The Armenian National Committee of America (ANCA) -- joined by the American Hellenic Educational Progressive Association (AHEPA) and other concerned organizations -- have launched a landmark protest against Microsoft's electronic encyclopedia, "Encarta", in response to its editors' efforts to deny the Armenian Genocide. According to reports contained in a groundbreaking expose by The Chronicle of Higher Education, Encarta's actions were a response to threats by the Turkish government "to arrest local Microsoft officials and ban Microsoft products".
This landmark article, appended below, offers a rare glimpse into how mainstream media institutions such as Microsoft have been tainted by a wider effort to promote false historical revisionist views -- an effort that has seriously undermined the credibility and efficacy of our press and media establishment on these and other related issues.
In the past, Encarta's highly misleading entry on events surrounding the 1922 massacre of Turkey's Christian population earned its 1994 CD-Rom edition a place in the American Hellenic Media Project's Hall of Shame.
Please take a moment to share your concerns by e-mailing, calling and faxing the below contacts at Microsoft, keeping in mind that a mature and well-informed approach is the most effective way to get your message across.
In addition, please take a moment to send a note of appreciation to The Chronicle of Higher Education for having the courage and insight to publish its August 18 article The Other Side of Genocide:
E-MAIL: email@example.com (Attn: Scott Jaschik, Editor)
E-MAIL: firstname.lastname@example.org; email@example.com (Attn: Bill Gates)
or SURF TO: http://encarta.msn.com/help/support/form.asp?src=
FAX: (425) 936-7329
TEL.: (425) 882-8080 (you may request Encarta editor Frank Manning at this number)
BRIEF FORM LETTER SUGGESTED BY THE ANCA:
I was troubled to learn in the August 18, 2000 edition of The Chronicle of Higher Education that the Turkish government has pressured Microsoft Encarta to censor its documentation of the Armenian Genocide.
I encourage Encarta to resist these threats aimed at denying this crime against all humanity. I also would like to recommend that Encarta include the Armenian Genocide in its entry on Turkey. Clearly, no account of Turkish history can be complete without addressing the Armenian Genocide and the systematic destruction of the Greeks and other Christian communities in the final years of the Ottoman Empire.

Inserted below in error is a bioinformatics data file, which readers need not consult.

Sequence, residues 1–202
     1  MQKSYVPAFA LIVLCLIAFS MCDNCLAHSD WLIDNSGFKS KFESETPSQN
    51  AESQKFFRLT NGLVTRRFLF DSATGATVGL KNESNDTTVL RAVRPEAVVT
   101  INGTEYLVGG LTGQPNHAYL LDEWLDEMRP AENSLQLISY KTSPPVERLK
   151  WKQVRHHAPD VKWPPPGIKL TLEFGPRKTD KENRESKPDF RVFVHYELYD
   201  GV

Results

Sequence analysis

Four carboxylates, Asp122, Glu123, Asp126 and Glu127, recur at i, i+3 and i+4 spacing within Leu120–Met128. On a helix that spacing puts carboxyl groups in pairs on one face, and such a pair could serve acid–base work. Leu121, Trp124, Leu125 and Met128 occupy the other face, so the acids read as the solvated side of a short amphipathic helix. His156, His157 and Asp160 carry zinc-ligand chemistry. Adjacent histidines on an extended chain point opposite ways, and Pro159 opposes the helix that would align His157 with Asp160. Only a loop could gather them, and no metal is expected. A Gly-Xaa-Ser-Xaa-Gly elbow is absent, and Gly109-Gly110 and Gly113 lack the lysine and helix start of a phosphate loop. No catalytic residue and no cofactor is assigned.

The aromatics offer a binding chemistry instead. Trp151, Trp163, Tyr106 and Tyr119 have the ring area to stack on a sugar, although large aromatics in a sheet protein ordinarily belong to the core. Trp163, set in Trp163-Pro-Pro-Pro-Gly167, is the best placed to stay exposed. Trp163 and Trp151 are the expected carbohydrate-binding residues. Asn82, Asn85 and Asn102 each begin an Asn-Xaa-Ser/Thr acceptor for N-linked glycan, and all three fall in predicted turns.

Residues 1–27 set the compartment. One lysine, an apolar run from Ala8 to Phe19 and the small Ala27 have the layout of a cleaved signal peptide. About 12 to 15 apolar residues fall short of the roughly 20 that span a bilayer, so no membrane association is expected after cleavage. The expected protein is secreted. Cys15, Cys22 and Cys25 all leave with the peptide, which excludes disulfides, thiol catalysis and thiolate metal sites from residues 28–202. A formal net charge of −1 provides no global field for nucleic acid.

August 18, 2000 (page 20)
"The Other Side of Genocide"
Covering up genocide is a tricky business. Probably the best place to start is with the word itself. Coined in 1944 to describe Nazi Germany's systematic murder of millions, it's since been disputed in nearly every other usage, from the U.S. government's early waffling on whether Rwanda's Hutu annihilation of the Tutsis qualified, to the Turkish government's continuing campaign to convince the world that several hundred thousand starved Armenians does not a genocide make.
That's where Microsoft's Encarta comes in. Helen Fein, Executive Director of the Institute for the Study of Genocide, says the online encyclopedia almost helped deny the genocide.
In 1996, Encarta asked Ms. Fein to write an entry on genocide. Her short essay, which included a brief mention of the murder or deportation of at least 1.1 million Armenians by the Turkish Ottoman government during World War I, was accepted and published.
But this past June, Encarta called Ms. Fein and asked her to revise her entry, in response to "customer complaints." She learned that Ronald Grigor Suny, a political scientist at the University of Chicago and the University of Michigan at Ann Arbor, had been asked to revise his entry on Armenia as well.
Ms. Fein says Encarta wanted her to include a few lines on the "other side of the story" - the Turkish government's side, that is Mr. Suny says an Encarta editor named Frank Manning explained to him that the revision would leave the facts in place, but remove the word "genocide."
"Their proposed changes suggested that all narratives are equal, that we can't know for sure whether or not the Armenians brought the massacres on themselves," says Ms. Fein.
According to Mr. Suny, Mr. Manning told him that the Turkish government had threatened to arrest local Microsoft officials and ban Microsoft products unless the who, what, and why of the massacres were presented as topics open to debate. Microsoft representatives would neither confirm nor deny the threats, but Namik Tan, a spokesman for the Turkish Embassy called the charge "so ridiculous I cannot speak."
He acknowledged that the embassy wrote at least two letters to Microsoft urging it to remove the term "genocide" from the two entries, and to cite Armenian rebellion as the cause of any suffering, but he insists that the Turkish government "does not make threats."
When Ms. Fein and Mr. Suny threatened to remove their names from the article and to publicize Microsoft's censorship, however, Encarta editors backed down. Ms. Fein and Mr. Suny agreed to add that the Turkish government denies the genocide, but held firm to the facts of its occurrence.
When the Chronicle attempted to reach Encarta's editors, a publicist from the company said they were all on vacation. A second publicist added that every story has two sides, even one about genocide.
Indeed, Ms. Fein notes that the Encarta entry on Turkey, which is unsigned, still does not mention the Armenian genocide at all.
American Hellenic Media Project
P.O. Box 1150
New York, N.Y. 10028-0008
The American Hellenic Media Project is a non-profit organization created to address inaccuracy and bias in the media and encourage independent, ethical and responsible journalism.
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